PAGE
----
I am pretty good looking man in my 30's and with this book in mind and on my third play through I watched yesterday when I was out & about how women with their husbands in tow, would look at me, hold their stare and all but approach me. Absolutely looking and sizing me up, wanting to try me out. I know that "look" - like - "Geesh Dianne I'd sure like to give that one a try". I know I am superior in every possible way to many men, but that their are some who are superior in every way to me, and no amount of counseling, cologne, haircuts, trips to the Balenciaga/Dolce & Gabanna, Givenchy outlet stores will ever change that. Exercise and grooming is the only tool we have to make ourselves - all things being equal - superior at least to a certain percentage of men, or superior to the former versions of ourselves. It's just a hard life fact. But I think that it's dangerous to compare us to primates and rats, because if we did that - and justified our acts that way - then murder and all sort of other things would then be somehow justified. I think of it like this - the author spends so much time comparing us to rats and primates. It's a slippery slope there. Rats and primates can commit rape, murder and theft without repercussions. We humans have big powerful brains that "know better" and that applies to sexuality.
For me, as a divorced guy who had to get married and divorced, then a failed relationship immediately after, to understand what they want (and I still don't know fully) this book just helped strengthen stuff I basically already thought. And that thought is that many if not all women get bored. Even if they are married to a Tom Brady super stud. They'll fantasize about the whole team, or a cheerleader. Or an opposing quarterback taking her from him, even if he's more attractive than the new guy. And that is ok! My fantasies are sometimes super awful. I found the book enlightening, interesting, convincing, and very depressing actually - but I was more ready for that than the average guy, I think. I am a man who actually likes a long term partner. Someone to really get to know, and then the sex gets better with time because I get more comfortable experimenting and. I am a more attentive and inventive and generous lover than most men (or so I am told). So I see this book as a tool. It's telling us it's ok for women to want to switch things up. He talks about the drugs that were being researched as the 'cure to monogamy' and I think that was a little over the top. It somehow weakened the whole point and him calling it that was a little too "on the nose" for me. It's well worth the money, it's something people should know about. And I wish it was longer than 6 hours. Felt too abbreviated in parts and I had to check if I had bought the abridged version, and I didn't. Kind of a novella maybe. Good book. And as I said in the other part of this review, the narrator, Charles Pasternak, is incredible in his narration. Almost kind of sensual in parts. I hope to read more by Bergner and hear more from Pasternak.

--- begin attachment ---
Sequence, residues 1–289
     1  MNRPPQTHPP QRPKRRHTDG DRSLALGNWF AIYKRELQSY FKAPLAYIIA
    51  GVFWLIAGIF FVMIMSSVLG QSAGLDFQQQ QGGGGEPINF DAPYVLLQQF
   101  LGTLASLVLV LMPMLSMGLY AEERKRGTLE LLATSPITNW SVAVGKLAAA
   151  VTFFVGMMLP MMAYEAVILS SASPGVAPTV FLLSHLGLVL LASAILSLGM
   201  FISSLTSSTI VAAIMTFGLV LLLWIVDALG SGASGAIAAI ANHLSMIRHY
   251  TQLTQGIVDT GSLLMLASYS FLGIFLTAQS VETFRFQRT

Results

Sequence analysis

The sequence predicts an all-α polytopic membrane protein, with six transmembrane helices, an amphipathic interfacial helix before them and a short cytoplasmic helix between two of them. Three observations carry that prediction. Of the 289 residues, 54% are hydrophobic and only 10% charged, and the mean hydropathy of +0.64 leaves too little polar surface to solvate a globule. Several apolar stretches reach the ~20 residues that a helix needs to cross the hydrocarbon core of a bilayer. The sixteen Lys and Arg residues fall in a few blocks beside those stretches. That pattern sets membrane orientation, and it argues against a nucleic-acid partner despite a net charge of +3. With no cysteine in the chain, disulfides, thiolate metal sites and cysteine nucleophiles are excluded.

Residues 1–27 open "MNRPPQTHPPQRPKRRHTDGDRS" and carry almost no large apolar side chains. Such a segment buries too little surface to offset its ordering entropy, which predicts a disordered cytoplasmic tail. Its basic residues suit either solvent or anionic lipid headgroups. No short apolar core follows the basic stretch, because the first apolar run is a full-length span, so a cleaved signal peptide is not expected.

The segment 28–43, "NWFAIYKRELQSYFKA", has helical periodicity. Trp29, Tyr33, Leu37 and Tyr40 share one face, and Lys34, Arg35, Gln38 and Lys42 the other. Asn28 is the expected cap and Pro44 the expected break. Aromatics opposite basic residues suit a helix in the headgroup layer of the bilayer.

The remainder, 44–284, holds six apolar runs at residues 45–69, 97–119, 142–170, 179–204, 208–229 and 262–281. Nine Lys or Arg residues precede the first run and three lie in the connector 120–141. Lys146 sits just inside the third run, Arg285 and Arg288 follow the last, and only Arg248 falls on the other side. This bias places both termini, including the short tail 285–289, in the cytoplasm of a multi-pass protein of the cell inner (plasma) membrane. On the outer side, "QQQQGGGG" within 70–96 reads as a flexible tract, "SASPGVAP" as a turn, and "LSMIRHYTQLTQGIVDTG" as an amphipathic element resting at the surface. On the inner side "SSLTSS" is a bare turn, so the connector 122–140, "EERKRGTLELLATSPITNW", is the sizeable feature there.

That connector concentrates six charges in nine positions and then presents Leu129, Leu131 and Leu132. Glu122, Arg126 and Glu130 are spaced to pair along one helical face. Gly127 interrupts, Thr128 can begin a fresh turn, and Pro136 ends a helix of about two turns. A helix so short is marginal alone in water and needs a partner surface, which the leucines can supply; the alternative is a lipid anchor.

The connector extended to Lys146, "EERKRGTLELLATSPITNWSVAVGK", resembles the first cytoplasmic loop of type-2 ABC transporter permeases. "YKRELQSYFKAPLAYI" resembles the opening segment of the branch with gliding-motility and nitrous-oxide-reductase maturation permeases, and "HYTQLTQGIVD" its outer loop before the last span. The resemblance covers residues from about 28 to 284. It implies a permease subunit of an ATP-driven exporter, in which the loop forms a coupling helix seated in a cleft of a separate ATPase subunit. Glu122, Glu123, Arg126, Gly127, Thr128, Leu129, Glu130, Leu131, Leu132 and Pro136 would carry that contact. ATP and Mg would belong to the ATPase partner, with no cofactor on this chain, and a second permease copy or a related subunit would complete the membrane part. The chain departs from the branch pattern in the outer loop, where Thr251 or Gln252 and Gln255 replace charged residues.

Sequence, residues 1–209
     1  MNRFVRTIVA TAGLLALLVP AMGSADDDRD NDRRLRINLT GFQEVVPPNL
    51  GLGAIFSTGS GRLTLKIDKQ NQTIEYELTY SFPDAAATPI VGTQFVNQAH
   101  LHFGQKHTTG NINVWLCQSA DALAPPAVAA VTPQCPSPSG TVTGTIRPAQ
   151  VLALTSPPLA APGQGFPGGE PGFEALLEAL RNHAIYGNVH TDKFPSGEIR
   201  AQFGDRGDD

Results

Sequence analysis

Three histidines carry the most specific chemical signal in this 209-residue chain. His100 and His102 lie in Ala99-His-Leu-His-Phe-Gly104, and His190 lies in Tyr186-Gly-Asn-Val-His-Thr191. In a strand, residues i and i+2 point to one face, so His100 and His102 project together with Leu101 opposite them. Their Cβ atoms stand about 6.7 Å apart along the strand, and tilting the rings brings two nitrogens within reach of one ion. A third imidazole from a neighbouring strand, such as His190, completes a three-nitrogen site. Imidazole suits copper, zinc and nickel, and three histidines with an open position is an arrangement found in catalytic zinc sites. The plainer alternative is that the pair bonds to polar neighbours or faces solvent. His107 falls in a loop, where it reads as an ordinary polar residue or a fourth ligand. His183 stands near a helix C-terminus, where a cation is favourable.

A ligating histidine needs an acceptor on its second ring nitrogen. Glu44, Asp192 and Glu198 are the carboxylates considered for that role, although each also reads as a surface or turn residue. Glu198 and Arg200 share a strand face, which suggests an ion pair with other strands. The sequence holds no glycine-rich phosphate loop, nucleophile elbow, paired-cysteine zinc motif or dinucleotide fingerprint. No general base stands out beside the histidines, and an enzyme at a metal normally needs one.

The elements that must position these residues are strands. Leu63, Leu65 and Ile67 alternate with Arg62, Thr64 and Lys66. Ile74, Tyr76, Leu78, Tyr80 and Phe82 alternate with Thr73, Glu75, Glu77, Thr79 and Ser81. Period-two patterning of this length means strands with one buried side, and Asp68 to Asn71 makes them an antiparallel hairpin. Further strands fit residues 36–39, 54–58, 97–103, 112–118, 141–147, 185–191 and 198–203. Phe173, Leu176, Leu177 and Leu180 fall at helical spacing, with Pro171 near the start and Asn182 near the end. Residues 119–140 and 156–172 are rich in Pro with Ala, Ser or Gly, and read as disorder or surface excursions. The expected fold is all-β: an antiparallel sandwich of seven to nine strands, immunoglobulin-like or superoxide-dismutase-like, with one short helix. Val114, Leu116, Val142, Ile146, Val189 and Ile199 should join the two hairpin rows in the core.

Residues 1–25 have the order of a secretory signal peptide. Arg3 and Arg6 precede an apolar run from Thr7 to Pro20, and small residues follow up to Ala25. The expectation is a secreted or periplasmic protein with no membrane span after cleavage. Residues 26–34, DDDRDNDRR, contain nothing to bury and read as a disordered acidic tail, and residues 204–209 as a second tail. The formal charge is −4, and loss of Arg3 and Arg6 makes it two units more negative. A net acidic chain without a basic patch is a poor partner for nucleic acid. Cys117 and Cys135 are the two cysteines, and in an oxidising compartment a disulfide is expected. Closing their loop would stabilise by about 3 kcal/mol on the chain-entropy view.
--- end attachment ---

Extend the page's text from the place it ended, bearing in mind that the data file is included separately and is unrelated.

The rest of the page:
- Boom Depleter
Ok, but there are better books to read